Remembering Life before air conditioning


Everyone takes it for granted, but I remember life without air conditioning. When I was a little girl, I  used to go to the pool to cool off.  It was a welcome relief. There’s nothing worse than being too hot in the summer.

We had a big fan upstairs in our unfinished 2 story house,  but I never felt a breeze from it. It made a lot of noise. We kept the windows wide open, but all that did was let you hear the neighbors next door talking, laughing, or arguing.  We had an unfinished porch and we’d sit out there when the sun went down. It gave a little relief.  I kind of miss the old backyard porch, but I don’t miss the unrelenting heat.

Ice was something we’d use. You’d put it across your wrist, or just in a wash cloth. I spent as much time as I could at the pool.

When restaurants started to get air conditioning, you’d go there to eat to escape the heat, and then  the mall.

Finally, my parents decided to install the air-conditioning to our house.  My allergies weren’t as bad, and I didn’t have to escape to the pool anymore. I could actually pull the covers up on my bed at night because I wasn’t so hot. I could stay inside more.

Like anything else, I got used to it. I almost forgot about the big fan and the misery. But not quite.

When my own children were teenagers, sometimes they’d say, “ I don’t like the air conditioning, open the window.”

I figured they really didn’t know what they were talking about. Just spend a few years in the miserable heat.

 

Air Conditioned sign

Air Conditioned sign (Photo credit: Caroline on Crack)

Do you remember life without air conditioning? Are you the type of person who doesn’t like air-conditioning.

 

 

 

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Coming full circle: taking a walk in the woods on a wintry day: Memoir


Today I came full circle. My two  daughters and son-in-law took me out for a walk.  I was wearing a funny black furry hat  reminiscent of something my  Russian grandmother would wear,  a pair of sunglasses, my old red sweater, black stretch pants, and running shoes with a ragged shoelaces.

I have vague memories of construction workers whistling at me 40 years ago.  I didn’t like it. It embarrassed me, and I felt like it was an invasion of my privacy. Oh, what I would give to have anyone whistle at me now.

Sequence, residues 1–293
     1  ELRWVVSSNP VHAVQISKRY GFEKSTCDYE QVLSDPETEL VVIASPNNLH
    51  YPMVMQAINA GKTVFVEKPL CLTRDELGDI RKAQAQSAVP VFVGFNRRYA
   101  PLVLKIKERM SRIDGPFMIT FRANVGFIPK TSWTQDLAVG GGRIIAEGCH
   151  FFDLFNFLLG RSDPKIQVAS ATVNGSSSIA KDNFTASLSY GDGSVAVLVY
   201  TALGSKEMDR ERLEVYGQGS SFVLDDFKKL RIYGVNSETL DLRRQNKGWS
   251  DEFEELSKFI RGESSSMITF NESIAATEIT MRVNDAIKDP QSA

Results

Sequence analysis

Before we got to the park, the grown up children made sure I was buckled in the back seat. My oldest daughter fastened my belt for me. It was rather humorous. I don’t feel I’m quite at the state where I can’t handle a seatbelt, but I thanked her for it.

We got out of the car, and started walking. It is Ohio, and it was cold. Naturally, they all sped ahead of me. My knee which recently was in a state of disrepair, is still not feeling too normal. Something tells me that it will never be the same again.  I banged it into the stove or closet or something, and had to wear a knee brace for two months.

My doctor consoled me by saying, “if you were a world-class athlete, they’d have gone in and cleaned it up already, but you’re not. Give it a couple of months. It’s just a knee.”

So, we went on our walk. and I ignored my nagging kneecap.

I could see the two girls as they once were. Both blonde, one with curls, and one with straight hair. The youngest following the oldest one around.  They’ve grown into beautiful caring young women.  The person missing is my youngest son. He, like my oldest daughter, now lives out-of-town. It’s a rare occasion when all three of them are together. It is always a joyous occasion for me.

Now, they’re all grown up.  It seems hard to believe they were ever little. I have vague memories of dragging all that baby stuff with me: diapers, an extra set of clothes, a baby seat to set up. I always had the oldest child to help me with the other two.  I also remember the youngest two fighting over who was going to sit on my lap while we watched TV.

So, we finished our walk, and I got back in the backseat. I was  glad the walk was over. It was too cold for me. I would not  have  lasted if I was by myself.

Post script

I wrote this a couple of years ago. My kneecap is now back to normal. I have also updated my wardrobe.  Unfortunately, nobody is whistling at me. I guess those days are really  gone!

How do you feel about getting older?  Do you recall a moment when you realized that you were in the last stage of your life?

Reflections of getting older

Reflections of getting older

Wintry Ohio


Here’s some picture from Columbus, Ohio. Last year we dodged the winter. This year we don’t seem to be as lucky! The Columbus people love their football team, The Ohio State Buckeyes. Even during a winter storm, they are always on our minds. If you click on one picture, you can see the whole gallery–one picture at a time.